In time for Father's Day, new books yield plenty of wit and wisdom for dads and granddads:
“Quarterback Dad: A Play-by-Play Guide to Tackling Your New Baby” is by Bobby Mercer, a high school football coach who is a stay-at-home father. His words of wisdom include: “If you are the quarterback, then mom becomes the head coach in baby decisions. She makes all of the big decisions about the baby.” Be prepared to be overruled.
Another fun gift for dad is “Dadgummit: More Dadisms” (Andrews McNeel Publishing, $9.95, 2005) by Cathy Hamilton: “Where do you think you're going?” “I wear the pants in the family.” “Don't be a blabbermouth.” “What do I look like, the Power and Light Company?” “Someday you'll thank me.” All these phrases and more get humorous explanations.
For ideas for dad and his kids, try “The Outdoor Handy Book for Playground, Field and Forest,” (Skyhorse Publishing, $12.95, 2008) by Daniel Carter Beard. A Scout master, Beard suggests games, sports and projects for all seasons. “A raft that will sail.” “How to collect worms.” “The lastest things in kites.” And “Sports for hot days.” In a book dads can give to their own fathers, “Grandpa Rules: Notes on Grandfatherhood, The World's Best Job” (Skyhorse Publishing, $12.95, 2008), Michael Milligan warns: “It usually takes about two days to recover from a weekend of activity with your grandkids.” Also, the first grandchild gets naming rights, hence Milligan is named “Buh-Buh.”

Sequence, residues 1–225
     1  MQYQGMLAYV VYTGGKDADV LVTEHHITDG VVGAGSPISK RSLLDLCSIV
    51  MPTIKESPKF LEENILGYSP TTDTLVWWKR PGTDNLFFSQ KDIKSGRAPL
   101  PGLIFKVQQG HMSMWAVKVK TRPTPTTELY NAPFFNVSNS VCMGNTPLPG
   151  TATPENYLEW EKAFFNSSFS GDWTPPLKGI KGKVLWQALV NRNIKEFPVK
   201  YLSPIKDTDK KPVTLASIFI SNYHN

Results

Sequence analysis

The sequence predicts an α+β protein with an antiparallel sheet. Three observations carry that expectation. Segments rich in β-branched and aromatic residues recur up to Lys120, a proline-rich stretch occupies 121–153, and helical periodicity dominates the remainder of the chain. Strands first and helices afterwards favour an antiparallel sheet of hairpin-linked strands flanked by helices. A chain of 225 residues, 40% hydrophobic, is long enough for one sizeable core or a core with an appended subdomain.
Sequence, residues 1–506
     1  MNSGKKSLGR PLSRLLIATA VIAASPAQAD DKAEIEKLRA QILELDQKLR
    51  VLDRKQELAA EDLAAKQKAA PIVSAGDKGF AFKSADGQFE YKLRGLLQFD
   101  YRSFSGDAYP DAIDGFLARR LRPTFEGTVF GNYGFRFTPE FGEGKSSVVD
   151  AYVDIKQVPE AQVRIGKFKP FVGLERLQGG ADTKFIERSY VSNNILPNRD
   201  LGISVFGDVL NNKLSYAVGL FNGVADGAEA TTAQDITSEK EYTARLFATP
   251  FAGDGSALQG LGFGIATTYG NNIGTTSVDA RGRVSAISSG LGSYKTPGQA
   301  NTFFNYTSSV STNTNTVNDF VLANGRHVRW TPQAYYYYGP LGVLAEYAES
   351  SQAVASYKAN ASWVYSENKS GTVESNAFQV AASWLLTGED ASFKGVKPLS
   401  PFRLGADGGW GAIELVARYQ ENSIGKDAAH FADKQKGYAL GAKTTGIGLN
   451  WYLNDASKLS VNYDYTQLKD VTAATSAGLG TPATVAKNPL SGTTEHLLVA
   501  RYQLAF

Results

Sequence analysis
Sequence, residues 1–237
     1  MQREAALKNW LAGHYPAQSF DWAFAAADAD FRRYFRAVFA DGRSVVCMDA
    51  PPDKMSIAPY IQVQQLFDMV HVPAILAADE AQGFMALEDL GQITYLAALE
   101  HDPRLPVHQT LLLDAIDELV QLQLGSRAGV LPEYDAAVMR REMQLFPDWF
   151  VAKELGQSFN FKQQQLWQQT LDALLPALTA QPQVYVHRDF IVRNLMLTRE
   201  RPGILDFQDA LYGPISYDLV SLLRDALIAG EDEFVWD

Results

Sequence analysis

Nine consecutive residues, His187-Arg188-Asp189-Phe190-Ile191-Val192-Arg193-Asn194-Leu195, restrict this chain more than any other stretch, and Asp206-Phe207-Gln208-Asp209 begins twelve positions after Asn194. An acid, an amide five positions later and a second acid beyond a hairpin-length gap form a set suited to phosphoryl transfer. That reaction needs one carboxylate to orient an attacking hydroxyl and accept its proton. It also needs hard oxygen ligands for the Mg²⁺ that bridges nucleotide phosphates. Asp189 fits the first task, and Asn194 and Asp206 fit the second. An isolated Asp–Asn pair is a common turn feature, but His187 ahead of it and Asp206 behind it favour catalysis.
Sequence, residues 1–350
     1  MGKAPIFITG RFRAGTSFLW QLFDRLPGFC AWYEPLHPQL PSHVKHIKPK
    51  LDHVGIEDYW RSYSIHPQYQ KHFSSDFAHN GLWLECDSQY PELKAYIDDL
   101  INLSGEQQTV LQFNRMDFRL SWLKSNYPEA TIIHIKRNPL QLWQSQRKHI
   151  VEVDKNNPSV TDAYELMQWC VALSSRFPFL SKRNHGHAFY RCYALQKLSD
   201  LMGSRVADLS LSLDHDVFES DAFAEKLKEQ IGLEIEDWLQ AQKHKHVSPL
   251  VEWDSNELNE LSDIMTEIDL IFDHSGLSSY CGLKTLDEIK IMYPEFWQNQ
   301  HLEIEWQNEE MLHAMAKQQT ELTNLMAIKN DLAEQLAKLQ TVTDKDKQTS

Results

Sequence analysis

No need for an alarm clock when grandkids are sleeping over. No matter what time you wake up in the morning, your grandchild will wake up at least 30 minutes earlier, writes Milligan, who has a career in comedy writing. And Grandma says: “Don't get any big ideas” about romance when grandchildren are asleep next to your bedroom.